That's interesting. No doubt, smooth seas never made a skilled sailor! But it can be hard to face real problems when you don't work on larger projects. I know I can't work on fake side-projects for too long before losing interest.

One solution for that can be to work on smaller things like the little library I talked about in my last post. Bite-sized projects make it much easier to complete and feel like you achieved something. You can still gain very valuable knowledge by working on those. Plus they help build a little portfolio!

Bringing value to someone or generating any kind of public output makes it much more rewarding.

Contributing to open-source projects can be scary. Tackling simple problems you encounter is a nice way to build confidence and give you traction in the community. That's an area where I definitely want to improve.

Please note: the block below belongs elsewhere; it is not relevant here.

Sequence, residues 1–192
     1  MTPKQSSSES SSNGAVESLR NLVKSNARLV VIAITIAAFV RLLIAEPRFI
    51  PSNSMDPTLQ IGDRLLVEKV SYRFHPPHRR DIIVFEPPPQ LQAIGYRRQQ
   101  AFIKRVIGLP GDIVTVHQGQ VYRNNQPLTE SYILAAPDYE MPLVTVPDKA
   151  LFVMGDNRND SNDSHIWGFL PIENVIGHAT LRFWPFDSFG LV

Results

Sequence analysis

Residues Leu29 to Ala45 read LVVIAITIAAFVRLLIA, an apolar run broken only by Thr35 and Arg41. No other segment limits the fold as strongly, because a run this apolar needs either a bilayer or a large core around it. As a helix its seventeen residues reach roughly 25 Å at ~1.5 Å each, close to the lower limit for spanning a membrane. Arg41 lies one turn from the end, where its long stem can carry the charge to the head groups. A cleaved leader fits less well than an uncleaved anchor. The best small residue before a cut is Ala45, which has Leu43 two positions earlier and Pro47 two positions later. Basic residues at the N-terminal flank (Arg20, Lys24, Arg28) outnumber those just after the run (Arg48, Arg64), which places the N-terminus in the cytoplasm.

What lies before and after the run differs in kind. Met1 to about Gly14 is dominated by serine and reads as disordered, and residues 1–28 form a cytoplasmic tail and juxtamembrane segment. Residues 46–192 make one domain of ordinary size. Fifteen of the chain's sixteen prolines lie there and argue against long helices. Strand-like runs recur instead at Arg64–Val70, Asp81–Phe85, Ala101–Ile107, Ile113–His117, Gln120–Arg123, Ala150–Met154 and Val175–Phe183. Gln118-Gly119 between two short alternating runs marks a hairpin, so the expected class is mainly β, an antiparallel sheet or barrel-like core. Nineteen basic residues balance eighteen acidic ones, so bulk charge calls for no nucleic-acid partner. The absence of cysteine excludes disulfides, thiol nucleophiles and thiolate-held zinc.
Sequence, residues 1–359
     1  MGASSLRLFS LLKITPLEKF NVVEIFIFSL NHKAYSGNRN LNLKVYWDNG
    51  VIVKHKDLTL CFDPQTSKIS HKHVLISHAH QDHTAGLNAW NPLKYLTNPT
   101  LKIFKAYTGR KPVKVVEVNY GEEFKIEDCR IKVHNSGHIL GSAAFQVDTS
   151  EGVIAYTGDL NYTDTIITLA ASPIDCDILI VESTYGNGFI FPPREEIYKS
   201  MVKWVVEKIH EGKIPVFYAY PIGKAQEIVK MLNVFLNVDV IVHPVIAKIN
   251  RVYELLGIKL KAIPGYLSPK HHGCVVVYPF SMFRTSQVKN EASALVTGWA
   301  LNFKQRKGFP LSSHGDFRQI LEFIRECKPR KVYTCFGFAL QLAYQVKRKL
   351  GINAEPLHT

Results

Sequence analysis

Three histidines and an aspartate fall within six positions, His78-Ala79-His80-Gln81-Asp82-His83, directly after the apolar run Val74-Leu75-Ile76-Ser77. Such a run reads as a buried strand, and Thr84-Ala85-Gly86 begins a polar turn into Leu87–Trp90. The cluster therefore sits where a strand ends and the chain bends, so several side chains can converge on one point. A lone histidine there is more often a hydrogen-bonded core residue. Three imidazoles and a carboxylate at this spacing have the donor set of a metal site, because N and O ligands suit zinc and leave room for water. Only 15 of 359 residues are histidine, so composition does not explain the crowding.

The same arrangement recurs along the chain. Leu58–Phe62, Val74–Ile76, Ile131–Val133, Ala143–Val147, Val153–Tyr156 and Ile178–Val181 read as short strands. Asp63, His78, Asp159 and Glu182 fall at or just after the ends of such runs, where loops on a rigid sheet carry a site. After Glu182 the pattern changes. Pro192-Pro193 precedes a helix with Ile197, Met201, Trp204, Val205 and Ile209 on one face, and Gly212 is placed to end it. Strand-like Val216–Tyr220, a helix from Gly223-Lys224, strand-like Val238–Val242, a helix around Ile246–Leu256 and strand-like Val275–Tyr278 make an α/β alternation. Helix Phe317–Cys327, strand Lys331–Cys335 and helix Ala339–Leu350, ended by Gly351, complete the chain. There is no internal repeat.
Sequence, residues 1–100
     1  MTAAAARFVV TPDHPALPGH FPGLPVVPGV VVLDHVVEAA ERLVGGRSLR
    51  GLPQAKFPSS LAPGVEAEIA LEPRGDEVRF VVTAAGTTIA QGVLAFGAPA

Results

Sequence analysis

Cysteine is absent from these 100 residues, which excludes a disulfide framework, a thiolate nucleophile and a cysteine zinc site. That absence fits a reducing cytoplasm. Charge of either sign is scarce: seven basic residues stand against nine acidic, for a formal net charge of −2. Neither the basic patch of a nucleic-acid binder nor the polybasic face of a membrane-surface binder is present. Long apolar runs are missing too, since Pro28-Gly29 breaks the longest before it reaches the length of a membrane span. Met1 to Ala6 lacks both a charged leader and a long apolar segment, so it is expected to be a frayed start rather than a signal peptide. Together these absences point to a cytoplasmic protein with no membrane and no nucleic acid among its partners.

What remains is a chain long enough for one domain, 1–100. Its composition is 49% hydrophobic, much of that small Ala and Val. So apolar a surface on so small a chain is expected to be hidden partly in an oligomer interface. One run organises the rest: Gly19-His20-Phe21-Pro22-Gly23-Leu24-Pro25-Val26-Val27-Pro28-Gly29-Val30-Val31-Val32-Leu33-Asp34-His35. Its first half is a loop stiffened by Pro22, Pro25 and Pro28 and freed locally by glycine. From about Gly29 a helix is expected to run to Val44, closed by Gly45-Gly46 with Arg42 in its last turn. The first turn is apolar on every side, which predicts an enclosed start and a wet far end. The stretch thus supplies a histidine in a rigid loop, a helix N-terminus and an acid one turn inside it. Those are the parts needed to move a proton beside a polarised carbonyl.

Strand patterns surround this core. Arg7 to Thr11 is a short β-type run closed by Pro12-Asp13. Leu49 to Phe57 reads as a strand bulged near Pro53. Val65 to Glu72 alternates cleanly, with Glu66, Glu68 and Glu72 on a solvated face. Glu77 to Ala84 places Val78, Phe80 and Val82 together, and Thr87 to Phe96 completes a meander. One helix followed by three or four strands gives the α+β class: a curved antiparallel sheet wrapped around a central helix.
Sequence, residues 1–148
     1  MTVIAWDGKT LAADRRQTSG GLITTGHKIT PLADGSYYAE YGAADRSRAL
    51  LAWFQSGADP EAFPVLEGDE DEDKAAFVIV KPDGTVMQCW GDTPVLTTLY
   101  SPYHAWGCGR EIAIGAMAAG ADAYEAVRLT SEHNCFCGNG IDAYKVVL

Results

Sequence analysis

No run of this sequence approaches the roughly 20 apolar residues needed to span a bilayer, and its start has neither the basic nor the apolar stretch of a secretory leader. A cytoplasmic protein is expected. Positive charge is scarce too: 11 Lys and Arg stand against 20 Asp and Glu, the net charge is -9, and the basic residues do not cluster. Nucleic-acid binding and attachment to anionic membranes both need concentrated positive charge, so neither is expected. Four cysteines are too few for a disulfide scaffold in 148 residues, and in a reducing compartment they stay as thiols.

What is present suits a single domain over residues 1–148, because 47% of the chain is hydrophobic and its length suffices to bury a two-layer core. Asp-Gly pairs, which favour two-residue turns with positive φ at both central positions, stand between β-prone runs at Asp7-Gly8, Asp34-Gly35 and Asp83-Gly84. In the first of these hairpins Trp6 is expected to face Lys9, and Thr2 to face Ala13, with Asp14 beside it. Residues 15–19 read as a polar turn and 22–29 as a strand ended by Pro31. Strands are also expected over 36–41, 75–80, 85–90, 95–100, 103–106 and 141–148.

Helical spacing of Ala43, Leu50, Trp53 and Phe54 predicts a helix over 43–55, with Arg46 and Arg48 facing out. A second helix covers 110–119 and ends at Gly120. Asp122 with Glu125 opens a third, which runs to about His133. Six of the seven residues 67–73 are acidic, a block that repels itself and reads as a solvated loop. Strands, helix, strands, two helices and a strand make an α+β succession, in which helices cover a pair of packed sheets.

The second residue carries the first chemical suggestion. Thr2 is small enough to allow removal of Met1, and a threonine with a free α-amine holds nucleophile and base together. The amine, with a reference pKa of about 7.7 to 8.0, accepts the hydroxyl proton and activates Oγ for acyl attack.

Learning in public

[...] generating any kind of public output makes it much more rewarding

As I wrote this sentence, I thought of Shawn Wang's Learn in public article. Go read it. Generating output, making stuff, having something to show. It makes you accountable, even if no one cares.

This blog post, might not need to be a blog post. I could have kept it in my head. But it's a way for me to learn in public. It helps me improve my writing skills. Putting things down helps me organize my thoughts and see more clearly where I'm heading. Being a better writer makes me a better communicator which makes me better at my job!